SUFT507: Modeling Cerenkov Emissions From Medical Linear Accelerators: A Monte Carlo Study
Abstract
Purpose: Cerenkov emissions are a natural byproduct of MV radiotherapy but are typically ignored as inconsequential. However, Cerenkov photons may be useful for activation of drugs such as psoralen. Here, we investigate Cerenkov radiation from common radiotherapy beams using Monte Carlo simulations. Methods: GAMOS, a GEANT4based framework for Monte Carlo simulations, was used to model 6 and 18MV photon beams from a Varian medical linac. Simulations were run to track Cerenkov production from these beams when irradiating a 50cm radius sphere of water. Electron contamination was neglected. 2 million primary photon histories were run for each energy, and values scored included integral dose and total track length of Cerenkov photons between 100 and 400 nm wavelength. By lowering process energy thresholds, simulations included low energy Bremsstrahlung photons to ensure comprehensive evaluation of UV production in the medium. Results: For the same number of primary photons, UV Cerenkov production for 18MV was greater than 6MV by a factor of 3.72 as determined by total track length. The total integral dose was a factor of 2.31 greater for the 18MV beam. Bremsstrahlung photons were a negligibly small component of photons in the wavelength range of interest, comprising 0.02% of such photons. Conclusion:more »
 Authors:
 Duke University Medical Center, Durham, NC (United States)
 Publication Date:
 OSTI Identifier:
 22649094
 Resource Type:
 Journal Article
 Resource Relation:
 Journal Name: Medical Physics; Journal Volume: 43; Journal Issue: 6; Other Information: (c) 2016 American Association of Physicists in Medicine; Country of input: International Atomic Energy Agency (IAEA)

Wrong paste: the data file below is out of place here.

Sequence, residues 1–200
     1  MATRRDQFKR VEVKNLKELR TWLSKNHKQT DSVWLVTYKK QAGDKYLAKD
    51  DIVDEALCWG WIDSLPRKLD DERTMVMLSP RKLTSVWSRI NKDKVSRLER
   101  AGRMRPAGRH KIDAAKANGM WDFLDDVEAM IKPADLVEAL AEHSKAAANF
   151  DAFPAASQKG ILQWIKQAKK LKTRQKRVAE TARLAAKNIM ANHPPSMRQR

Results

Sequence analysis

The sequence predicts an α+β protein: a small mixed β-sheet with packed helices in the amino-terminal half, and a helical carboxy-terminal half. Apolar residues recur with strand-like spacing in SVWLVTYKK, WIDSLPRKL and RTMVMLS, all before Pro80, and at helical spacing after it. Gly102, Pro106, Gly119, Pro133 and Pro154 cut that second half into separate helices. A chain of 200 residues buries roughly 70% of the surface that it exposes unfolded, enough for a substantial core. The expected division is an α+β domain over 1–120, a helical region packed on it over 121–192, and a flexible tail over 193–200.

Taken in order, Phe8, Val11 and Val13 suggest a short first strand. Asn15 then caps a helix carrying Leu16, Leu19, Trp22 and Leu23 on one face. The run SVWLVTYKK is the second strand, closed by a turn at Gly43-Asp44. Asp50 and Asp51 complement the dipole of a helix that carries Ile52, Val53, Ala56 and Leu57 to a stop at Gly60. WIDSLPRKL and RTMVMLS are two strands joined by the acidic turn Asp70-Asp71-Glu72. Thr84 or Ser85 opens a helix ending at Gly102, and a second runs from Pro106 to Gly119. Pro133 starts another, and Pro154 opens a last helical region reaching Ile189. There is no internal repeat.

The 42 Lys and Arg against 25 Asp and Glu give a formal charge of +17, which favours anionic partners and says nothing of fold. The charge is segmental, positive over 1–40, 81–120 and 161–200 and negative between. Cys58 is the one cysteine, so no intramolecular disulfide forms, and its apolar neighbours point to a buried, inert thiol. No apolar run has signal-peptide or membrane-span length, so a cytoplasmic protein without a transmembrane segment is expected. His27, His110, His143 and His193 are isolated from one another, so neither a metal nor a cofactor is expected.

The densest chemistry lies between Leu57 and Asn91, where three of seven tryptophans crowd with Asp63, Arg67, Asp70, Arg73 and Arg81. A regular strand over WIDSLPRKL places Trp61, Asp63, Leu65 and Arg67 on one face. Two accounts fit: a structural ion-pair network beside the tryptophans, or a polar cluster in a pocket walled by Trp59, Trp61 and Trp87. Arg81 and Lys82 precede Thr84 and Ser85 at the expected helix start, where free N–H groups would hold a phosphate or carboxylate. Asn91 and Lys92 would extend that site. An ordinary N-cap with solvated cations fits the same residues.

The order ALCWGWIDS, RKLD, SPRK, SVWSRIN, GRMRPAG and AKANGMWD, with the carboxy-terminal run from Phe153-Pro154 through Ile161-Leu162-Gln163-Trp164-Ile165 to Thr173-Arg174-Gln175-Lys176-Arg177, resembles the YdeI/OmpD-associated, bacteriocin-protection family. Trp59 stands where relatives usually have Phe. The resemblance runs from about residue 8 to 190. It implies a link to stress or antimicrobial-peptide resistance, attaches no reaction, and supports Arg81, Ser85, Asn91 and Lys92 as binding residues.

Country of Publication:
 United States
 Language:
 English
 Subject:
 60 APPLIED LIFE SCIENCES; 61 RADIATION PROTECTION AND DOSIMETRY; 62 RADIOLOGY AND NUCLEAR MEDICINE; COMPUTERIZED SIMULATION; EMISSION; EMISSIVITY; INTEGRAL DOSES; LINEAR ACCELERATORS; MONTE CARLO METHOD; PARTICLE TRACKS; PHOTON BEAMS; PRODUCTIVITY; RADIOTHERAPY
Citation Formats
Shrock, Z, Oldham, M, and Adamson, J. SUFT507: Modeling Cerenkov Emissions From Medical Linear Accelerators: A Monte Carlo Study. United States: N. p., 2016.
Web. doi:10.1118/1.4956692.
Shrock, Z, Oldham, M, & Adamson, J. SUFT507: Modeling Cerenkov Emissions From Medical Linear Accelerators: A Monte Carlo Study. United States. doi:10.1118/1.4956692.
Shrock, Z, Oldham, M, and Adamson, J. 2016.
"SUFT507: Modeling Cerenkov Emissions From Medical Linear Accelerators: A Monte Carlo Study". United States.
doi:10.1118/1.4956692.
@article{osti_22649094,
title = {SUFT507: Modeling Cerenkov Emissions From Medical Linear Accelerators: A Monte Carlo Study},
author = {Shrock, Z and Oldham, M and Adamson, J},
abstractNote = {Purpose: Cerenkov emissions are a natural byproduct of MV radiotherapy but are typically ignored as inconsequential. However, Cerenkov photons may be useful for activation of drugs such as psoralen. Here, we investigate Cerenkov radiation from common radiotherapy beams using Monte Carlo simulations. Methods: GAMOS, a GEANT4based framework for Monte Carlo simulations, was used to model 6 and 18MV photon beams from a Varian medical linac. Simulations were run to track Cerenkov production from these beams when irradiating a 50cm radius sphere of water. Electron contamination was neglected. 2 million primary photon histories were run for each energy, and values scored included integral dose and total track length of Cerenkov photons between 100 and 400 nm wavelength. By lowering process energy thresholds, simulations included low energy Bremsstrahlung photons to ensure comprehensive evaluation of UV production in the medium. Results: For the same number of primary photons, UV Cerenkov production for 18MV was greater than 6MV by a factor of 3.72 as determined by total track length. The total integral dose was a factor of 2.31 greater for the 18MV beam. Bremsstrahlung photons were a negligibly small component of photons in the wavelength range of interest, comprising 0.02% of such photons. Conclusion: Cerenkov emissions in water are 1.6x greater for 18MV than 6MV for the same integral dose. Future work will expand the analysis to include optical properties of tissues, and to investigate strategies to maximize Cerenkov emission per unit dose for MV radiotherapy.},
doi = {10.1118/1.4956692},
journal = {Medical Physics},
number = 6,
volume = 43,
place = {United States},
year = 2016,
month = 6
}

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